The Montreal Canadiens will enter unrestricted free agency on Wednesday with holes to fill. The team has $14 million in cap space with only eight forwards, six defencemen and two goalies under contract, which leaves six mostly depth roster positions to be filled.
However, captain Shea Weber is expected to be placed on long-term injury reserve, which opens up another $7.58 million under the cap. That being said, his absence will leave a massive hole on the blue line that must be filled. He averaged over 22 minutes per game playing in all situations, which likely means general manager Marc Bergevin will need to find two defencemen to replace him: a shutdown defender and offensive defenceman who specializes in the power play (PP).
Say what you will about Weber’s effectiveness last season, but his role needs to be filled if the Canadiens have any chance at competing in the playoffs. This need could impact how much will be spent on forwards this summer, perhaps limiting Bergevin to only one addition to his middle six.
Bergevin will also have to fill the need for a top-six forward capable of scoring. The Habs offence also finished the 2020-21 season ranked 17th in the NHL with 158 goals in 56 games for an average rate of only 2.82 goals per game (GPG). This was also evident in the Stanley Cup Final when the Canadiens’ forwards couldn’t solve the highly effective Tampa Bay Lightning defensive structure.
There are many options available. Bergevin could trade for a big name, however, there are second-line options that would be more affordable on the cap and take no assets to acquire through free agency. However, management will have to keep in mind that their core youth will need contracts as early as the end of next season, and with a flat salary cap of $81.5 million, they must make sure they have the flexibility to retain their youth while making the team Cup contenders. Here are the team’s best options.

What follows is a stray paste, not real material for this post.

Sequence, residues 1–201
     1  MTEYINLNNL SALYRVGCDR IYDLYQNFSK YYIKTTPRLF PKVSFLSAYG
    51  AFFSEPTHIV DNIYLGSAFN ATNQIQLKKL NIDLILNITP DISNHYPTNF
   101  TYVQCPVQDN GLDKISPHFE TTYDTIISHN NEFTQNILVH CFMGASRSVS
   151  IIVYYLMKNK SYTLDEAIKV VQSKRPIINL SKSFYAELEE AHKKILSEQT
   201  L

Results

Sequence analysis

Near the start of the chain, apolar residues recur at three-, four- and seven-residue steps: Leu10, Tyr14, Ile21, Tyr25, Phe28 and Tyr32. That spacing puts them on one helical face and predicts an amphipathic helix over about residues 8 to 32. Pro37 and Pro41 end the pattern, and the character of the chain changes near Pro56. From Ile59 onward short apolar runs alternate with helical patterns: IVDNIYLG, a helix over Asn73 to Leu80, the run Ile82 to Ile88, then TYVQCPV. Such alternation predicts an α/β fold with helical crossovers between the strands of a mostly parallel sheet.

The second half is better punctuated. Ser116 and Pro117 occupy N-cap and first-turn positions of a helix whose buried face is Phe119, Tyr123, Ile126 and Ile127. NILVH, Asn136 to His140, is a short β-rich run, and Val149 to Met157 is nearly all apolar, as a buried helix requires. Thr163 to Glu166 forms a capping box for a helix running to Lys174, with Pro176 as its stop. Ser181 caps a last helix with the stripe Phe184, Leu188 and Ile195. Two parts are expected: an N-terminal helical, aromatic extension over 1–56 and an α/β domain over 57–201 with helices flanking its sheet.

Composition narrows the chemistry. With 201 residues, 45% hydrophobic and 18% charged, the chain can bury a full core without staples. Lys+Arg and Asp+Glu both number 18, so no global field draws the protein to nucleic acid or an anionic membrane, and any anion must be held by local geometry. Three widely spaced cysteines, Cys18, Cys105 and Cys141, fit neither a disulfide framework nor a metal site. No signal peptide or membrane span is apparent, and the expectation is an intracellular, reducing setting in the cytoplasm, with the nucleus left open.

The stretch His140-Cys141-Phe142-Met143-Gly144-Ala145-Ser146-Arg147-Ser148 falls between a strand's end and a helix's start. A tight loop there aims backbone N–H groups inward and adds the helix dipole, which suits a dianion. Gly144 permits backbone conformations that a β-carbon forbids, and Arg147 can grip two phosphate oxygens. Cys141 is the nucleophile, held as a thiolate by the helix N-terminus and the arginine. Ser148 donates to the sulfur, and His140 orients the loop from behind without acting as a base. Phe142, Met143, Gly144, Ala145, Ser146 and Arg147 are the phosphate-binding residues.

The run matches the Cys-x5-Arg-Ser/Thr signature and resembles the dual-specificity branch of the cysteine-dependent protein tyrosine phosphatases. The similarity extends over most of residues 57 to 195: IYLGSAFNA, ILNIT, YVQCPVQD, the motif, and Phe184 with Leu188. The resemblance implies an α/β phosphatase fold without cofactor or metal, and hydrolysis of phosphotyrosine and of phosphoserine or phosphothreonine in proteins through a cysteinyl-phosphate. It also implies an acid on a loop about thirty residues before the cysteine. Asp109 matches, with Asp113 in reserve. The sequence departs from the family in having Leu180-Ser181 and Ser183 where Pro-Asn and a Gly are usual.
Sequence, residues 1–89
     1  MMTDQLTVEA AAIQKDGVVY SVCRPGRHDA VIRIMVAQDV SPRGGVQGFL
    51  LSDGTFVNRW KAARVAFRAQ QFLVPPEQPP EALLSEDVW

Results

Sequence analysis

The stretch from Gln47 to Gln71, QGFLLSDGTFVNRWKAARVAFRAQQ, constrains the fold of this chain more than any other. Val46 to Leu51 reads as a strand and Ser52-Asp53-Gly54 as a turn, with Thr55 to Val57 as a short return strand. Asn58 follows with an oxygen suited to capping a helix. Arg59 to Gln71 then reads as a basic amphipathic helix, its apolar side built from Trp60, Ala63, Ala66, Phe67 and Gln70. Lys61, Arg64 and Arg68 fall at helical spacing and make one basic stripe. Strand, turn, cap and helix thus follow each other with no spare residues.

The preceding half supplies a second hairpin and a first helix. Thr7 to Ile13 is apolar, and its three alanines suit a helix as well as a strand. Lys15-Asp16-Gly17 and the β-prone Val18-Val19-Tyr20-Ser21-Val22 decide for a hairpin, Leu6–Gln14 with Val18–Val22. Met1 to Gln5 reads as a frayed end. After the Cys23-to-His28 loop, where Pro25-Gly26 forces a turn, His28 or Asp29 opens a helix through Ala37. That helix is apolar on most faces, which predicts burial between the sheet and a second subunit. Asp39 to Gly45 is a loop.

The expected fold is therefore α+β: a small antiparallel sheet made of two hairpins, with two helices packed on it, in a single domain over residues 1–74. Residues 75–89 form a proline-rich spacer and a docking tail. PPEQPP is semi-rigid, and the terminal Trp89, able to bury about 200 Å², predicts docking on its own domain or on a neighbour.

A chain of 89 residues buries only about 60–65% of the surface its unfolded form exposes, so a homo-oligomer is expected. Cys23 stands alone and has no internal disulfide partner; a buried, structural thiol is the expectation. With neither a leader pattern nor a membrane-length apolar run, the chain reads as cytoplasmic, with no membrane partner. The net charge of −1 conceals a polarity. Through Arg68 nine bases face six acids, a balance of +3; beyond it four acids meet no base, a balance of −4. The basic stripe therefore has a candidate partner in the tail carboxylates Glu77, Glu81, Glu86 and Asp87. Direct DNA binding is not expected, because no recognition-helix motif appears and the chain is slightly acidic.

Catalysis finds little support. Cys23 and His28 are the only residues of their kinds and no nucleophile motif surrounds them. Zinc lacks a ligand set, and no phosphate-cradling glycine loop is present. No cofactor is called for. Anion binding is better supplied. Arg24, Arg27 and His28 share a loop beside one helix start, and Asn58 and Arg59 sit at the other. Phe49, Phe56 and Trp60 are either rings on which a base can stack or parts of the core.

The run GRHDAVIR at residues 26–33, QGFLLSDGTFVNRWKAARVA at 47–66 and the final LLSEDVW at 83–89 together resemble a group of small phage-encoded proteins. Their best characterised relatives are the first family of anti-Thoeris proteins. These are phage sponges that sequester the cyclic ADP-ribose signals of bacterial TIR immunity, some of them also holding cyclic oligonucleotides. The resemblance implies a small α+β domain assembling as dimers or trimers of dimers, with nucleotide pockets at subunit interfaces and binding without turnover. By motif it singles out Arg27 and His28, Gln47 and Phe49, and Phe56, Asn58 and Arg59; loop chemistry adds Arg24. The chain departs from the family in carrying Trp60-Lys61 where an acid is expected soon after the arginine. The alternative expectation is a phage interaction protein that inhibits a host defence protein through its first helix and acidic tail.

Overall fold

Bergevin should be linked to the NHL’s top-scoring unrestricted free agent (UFA) winger in Mike Hoffman. The 31-year-old left-winger is coming off a one-year, $4.1 million deal with the St. Louis Blues, where he scored 17 goals and 36 points in 52 games. He is a proven 20 to 30-goal scorer in a full 82-game schedule, which is exactly what the team needs.
Hoffman is a speedy winger who can score off the rush but also likes to attack the slot. He is also an excellent weapon on the power play, which is another area of concern for the Canadiens, who finished 17th in the NHL with a 19.2 percent success rate. His one-timer from the slot would be an instant weapon for the Habs, who could use another shooter to complement the playmakers in the lineup.
Adding Hoffman would instantly improve the Habs scoring depth and power-play production, however, his defensive play on the wing leaves something to be desired. His lack of defensive consistency is cause for concern as the Canadiens rely on defensive positioning and support from the wingers to regain possession to build their offence on transitional play. That being said, he isn’t a major liability either.
There may also be concern of his fitting into the locker room as he has had issues in the past, such as the incidents in Ottawa that his partner was alleged to have been involved in that led to him ultimately being traded. Perhaps a fresh start in a locker room filled with Cup champions and long-term leaders like Carey Price and Brendan Gallagher can help mitigate any personality clashes that might arise.